Monthly Archives August 2012

A Beacon of Innovation: Tysabri Label Change Identifies Patients at Risk for PML

The life sciences industry is certainly experiencing stormy seas. However, today, the industry can celebrate a victory in the battle for innovation. Biogen’s approved label change for Tysabri will make it easier for physicians to identify patients at highest and lowest risk of developing progressive multifocal leukoencephalopathy (PML), a deadly brain infection linked to the drug. It’s estimated that this change could add $1B in sales by 2016. Now that is creating shareholder value! We need more of this kind of innovation in the life science industry!

In this age of heightened regulatory and payer scrutiny, Biogen accepted the challenge with courage and stayed focused on gaining a better understanding of the benefit:risk profile for Tysabri. Now, there is a better understanding of patients at greatest risk for developing PML and a diagnostic test to help determine a patient’s risk.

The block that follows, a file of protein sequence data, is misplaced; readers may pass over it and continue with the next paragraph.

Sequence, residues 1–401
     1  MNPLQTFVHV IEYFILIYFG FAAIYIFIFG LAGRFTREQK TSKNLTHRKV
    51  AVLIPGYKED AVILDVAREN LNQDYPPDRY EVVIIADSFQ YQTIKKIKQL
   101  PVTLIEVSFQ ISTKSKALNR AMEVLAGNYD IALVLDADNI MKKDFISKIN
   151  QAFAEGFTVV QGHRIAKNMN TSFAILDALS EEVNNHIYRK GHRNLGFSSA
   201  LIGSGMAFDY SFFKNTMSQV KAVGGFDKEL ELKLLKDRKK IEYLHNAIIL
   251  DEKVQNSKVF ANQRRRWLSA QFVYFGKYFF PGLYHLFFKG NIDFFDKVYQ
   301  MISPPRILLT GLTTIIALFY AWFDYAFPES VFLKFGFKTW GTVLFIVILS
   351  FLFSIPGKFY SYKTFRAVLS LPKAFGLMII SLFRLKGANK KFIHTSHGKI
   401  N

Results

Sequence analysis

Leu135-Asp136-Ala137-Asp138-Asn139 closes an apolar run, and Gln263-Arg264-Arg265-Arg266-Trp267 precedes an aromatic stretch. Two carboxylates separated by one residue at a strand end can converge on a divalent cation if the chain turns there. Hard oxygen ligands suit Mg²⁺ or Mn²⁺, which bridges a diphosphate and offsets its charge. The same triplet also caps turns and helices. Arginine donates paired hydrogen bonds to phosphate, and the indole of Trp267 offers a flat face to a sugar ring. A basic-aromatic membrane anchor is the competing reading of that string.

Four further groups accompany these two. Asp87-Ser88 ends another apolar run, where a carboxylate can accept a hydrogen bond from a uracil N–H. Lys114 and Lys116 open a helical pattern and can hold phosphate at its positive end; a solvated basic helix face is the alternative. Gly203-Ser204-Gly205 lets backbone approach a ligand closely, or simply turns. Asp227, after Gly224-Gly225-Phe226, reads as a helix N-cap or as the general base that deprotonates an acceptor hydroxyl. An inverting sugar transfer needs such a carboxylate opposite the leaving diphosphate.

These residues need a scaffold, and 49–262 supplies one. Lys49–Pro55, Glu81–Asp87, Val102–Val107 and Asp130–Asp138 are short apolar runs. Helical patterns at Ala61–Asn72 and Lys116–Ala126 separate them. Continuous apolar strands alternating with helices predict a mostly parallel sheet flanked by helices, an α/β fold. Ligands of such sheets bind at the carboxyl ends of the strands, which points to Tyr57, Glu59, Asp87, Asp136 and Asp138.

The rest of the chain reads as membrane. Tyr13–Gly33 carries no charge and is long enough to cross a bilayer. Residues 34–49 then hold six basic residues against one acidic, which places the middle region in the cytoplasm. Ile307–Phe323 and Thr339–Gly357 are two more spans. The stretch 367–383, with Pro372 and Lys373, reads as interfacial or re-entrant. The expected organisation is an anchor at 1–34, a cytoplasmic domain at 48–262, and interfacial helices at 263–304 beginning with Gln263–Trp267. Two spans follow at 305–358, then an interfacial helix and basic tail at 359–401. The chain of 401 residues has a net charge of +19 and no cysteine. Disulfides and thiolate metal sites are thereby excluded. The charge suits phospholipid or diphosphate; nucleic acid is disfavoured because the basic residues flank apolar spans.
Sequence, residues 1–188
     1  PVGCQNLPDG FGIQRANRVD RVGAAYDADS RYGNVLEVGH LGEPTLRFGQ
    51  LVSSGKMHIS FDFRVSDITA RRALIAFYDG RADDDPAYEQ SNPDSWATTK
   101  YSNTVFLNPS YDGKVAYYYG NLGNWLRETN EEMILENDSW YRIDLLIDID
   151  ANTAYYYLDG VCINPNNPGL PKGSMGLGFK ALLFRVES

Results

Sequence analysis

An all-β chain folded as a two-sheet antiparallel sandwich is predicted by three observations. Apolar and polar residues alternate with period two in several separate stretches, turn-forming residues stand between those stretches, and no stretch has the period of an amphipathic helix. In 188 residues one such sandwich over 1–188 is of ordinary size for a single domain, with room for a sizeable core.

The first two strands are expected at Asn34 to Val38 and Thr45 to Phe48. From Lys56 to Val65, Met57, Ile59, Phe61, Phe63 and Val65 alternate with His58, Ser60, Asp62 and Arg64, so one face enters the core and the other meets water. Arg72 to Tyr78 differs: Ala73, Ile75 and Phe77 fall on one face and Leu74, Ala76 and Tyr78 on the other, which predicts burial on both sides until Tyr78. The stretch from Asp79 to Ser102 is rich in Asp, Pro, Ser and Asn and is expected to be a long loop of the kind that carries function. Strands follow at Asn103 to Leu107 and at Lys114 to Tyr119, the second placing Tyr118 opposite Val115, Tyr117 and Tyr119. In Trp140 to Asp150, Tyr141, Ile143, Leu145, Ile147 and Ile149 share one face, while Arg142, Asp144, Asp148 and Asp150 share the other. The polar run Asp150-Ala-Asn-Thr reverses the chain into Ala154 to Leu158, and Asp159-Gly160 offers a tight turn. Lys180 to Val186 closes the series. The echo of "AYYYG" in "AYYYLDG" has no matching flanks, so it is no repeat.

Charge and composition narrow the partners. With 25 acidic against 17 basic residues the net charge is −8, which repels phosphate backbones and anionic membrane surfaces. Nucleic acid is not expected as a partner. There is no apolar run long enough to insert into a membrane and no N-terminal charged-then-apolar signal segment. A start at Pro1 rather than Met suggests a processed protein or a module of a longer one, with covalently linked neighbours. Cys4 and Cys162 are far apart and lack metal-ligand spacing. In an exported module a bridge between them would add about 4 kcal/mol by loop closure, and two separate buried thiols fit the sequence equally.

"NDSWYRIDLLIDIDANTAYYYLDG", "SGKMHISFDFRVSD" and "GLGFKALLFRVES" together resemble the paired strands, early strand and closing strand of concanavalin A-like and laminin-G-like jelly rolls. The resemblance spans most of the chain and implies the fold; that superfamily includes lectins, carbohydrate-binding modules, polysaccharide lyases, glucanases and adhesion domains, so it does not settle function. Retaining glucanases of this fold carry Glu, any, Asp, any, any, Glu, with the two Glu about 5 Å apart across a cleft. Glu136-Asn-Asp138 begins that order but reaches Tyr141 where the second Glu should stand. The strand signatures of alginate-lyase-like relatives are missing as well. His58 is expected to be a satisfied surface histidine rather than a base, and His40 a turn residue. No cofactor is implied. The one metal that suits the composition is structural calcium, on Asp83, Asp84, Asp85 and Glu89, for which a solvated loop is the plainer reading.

Life science companies can learn a lot from how Biogen handled this situation, and here are three key learning’s…

  • Face your challenges head on and with courage. Be committed to searching for answers. Consider hiring a management consulting firm to help you ask questions and develop an action plan.
  • Work with strategic partners that have expertise you lack. In challenging times surround yourself with others that are more knowledgeable about a specific area than you.
  • Communicate your actions and outcomes. The lives of patients are at stake. Proactively communicate with regulatory officials, physicians, patient advocacy groups, and patients and caregivers.